Electronica liberated by Tomato

By Stephanie Jorgl

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Rick and Karl Rick Smith and Karl Hyde are two true godfathers of electronic music. From the time of their early stint as the atmospheric band Freur, through the driving electronic advent of and sonic world takeover by Freur’s sequel, Underworld, Smith and Hyde have consistently found ways to crush any limits to their creativity.

Yet, both realized a while back that being rockstars alone wasn’t going to lead them to creative liberty and financial independence. So the duo figured out a way to be able to create the art they wanted to make, and get paid well for it. They did this by joining an art collective media company called Tomato. Smith and Hyde now regularly contribute their creations to the agency which, in turn, then blends the music with video and other media to be used in commercials for companies like Nike, Adidas and others.

“At Tomato, we make things because we need to make them, whether it’s film, sound, sculpture, or whatever,” explains Smith. “With Tomato, our completed personal work is taken and then used to sell a product or something, or to make a video for Underworld. It’s really just a way in which that purely personal work is used, really.

Two Fingers Toward The Music Business
“Underworld wouldn’t be here today if it wasn’t for that, really, because both Karl and I have earned a very decent living from making music for the directors for advertisial clients like Nike and Adidas, which allowed Underworld to stick two fingers up to the music business and go, ‘No, we won’t become what you want us to. We’ll do what we want to do. And we’ll sell records in our way,’” says Smith.

“When you’ve been in a band, and you’re living off of advances — because we never sold that many records — then you’re always living off of borrowed money,” he adds. “It was so empowering to do a piece of work and get paid an amount of money, and then the job is over and you can move onto the next thing. It was fantastic!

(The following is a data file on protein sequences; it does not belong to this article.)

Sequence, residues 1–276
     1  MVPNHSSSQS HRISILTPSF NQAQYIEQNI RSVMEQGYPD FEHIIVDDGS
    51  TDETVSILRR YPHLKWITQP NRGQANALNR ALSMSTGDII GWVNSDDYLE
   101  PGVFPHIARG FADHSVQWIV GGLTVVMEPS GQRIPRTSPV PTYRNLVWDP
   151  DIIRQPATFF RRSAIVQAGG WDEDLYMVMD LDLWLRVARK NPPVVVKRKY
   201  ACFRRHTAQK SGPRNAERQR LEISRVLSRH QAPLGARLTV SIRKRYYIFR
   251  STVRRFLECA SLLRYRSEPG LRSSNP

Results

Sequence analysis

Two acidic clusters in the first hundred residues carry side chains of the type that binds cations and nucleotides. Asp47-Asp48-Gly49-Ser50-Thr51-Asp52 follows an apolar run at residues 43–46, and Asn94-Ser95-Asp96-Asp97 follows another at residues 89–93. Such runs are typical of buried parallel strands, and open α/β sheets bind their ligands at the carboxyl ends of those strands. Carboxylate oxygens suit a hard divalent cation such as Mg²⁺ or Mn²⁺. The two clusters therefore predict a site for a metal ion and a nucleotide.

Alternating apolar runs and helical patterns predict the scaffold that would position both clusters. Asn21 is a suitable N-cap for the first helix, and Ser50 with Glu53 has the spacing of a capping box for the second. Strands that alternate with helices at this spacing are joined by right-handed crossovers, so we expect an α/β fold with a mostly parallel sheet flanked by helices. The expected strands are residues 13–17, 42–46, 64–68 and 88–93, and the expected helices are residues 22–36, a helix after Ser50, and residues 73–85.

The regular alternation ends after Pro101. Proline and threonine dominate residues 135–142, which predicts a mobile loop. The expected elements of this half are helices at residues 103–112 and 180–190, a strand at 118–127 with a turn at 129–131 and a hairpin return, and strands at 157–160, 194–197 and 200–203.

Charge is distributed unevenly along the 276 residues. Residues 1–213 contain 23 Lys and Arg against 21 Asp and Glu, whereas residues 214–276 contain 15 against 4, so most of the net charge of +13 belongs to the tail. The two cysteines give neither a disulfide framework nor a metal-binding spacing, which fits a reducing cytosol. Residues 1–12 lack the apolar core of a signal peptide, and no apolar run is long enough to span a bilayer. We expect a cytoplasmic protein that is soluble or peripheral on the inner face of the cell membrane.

From Freur to Underworld
Smith first formed Freur with Karl Hyde in the early 1980s, and the band’s single, “Doot Doot,” quickly topped the charts. But when New Wave became passe, the duo kept on, taking Freur’s sound to a new dimension by adding groove to the atmospheres they were used to creating. This shift hailed the birth of Underworld.

In the mid-90’s, this new sound broke through when the cult hit film “Trainspotting” featured the music of Underworld. Underworld managed to cultivate a dedicated audience, and still sells out shows across the U.S.

Sowing the Seeds of Genius
Smith’s music teacher mother planted the seed for songwriting in his mind at an early age, starting him playing the piano when he was four. “Thank god she did, because I never would have stuck at anything in my life if she hadn’t done that really,” he says. He continued with piano until he was 11.

“I gave it up for two or three years until I was 14, and then I discovered rock music and I thought, ‘Wow, now what is this?!’ Then I started playing piano for my own amusement, you know, when my mother was out of the house — I couldn’t let her know that I was playing again.


Next page: Music built for film


1. Electronica liberated by Tomato
2. Music built for film

Getting Virtual

Software Instruments
“The EXS sampler became quite an exciting thing for me on the last record. It’s fun, straightforward, easy-to-use, and you get instant access to this vast library of stuff that always used to take hours to load up when we used AKAI. Now they seem really sad, compared to the way that the EXS works,” says Smith.

“For the ‘100 Days Off’ album, I really wanted to capture live percussion, live instruments, real guitars, and then screw it up with software, and that was really exciting,” he adds. “But now, of course, I don’t want the big batch of outboard gear on the road, so I’m now using the ES2 and the EVP88.

“And I’m a piano player so I’m like ‘Oh my god, look, it’s the Wurlitzer! That’s fantastic!’ and so that will probably pop up on the next album, because I won’t re-record something if it sounds fine,” he adds.

Macs on Stage
“We use Macs everywhere,” says Smith. On the road, Underworld carries six trusty titanium PowerBooks, two perform with the band on stage, running 24-bit/48K audio.

Three more Macs are on hand as spares and one serves as Smith’s mobile songwriting/recording studio. “I have Logic installed on my mobile studio computer and it’s fantastic. It’s a great studio tool. Logic does things that make you think, ‘That’s bloody great!’”

Useful Links


Digidesign’s Pro Tools
Emagic’s Logic Audio
Emagic’s Software Instruments

Power Mac
Cinema Display
Akai samplers

Audio Interfaces
Digidesign’s A-D Converters

Remix Galaxy

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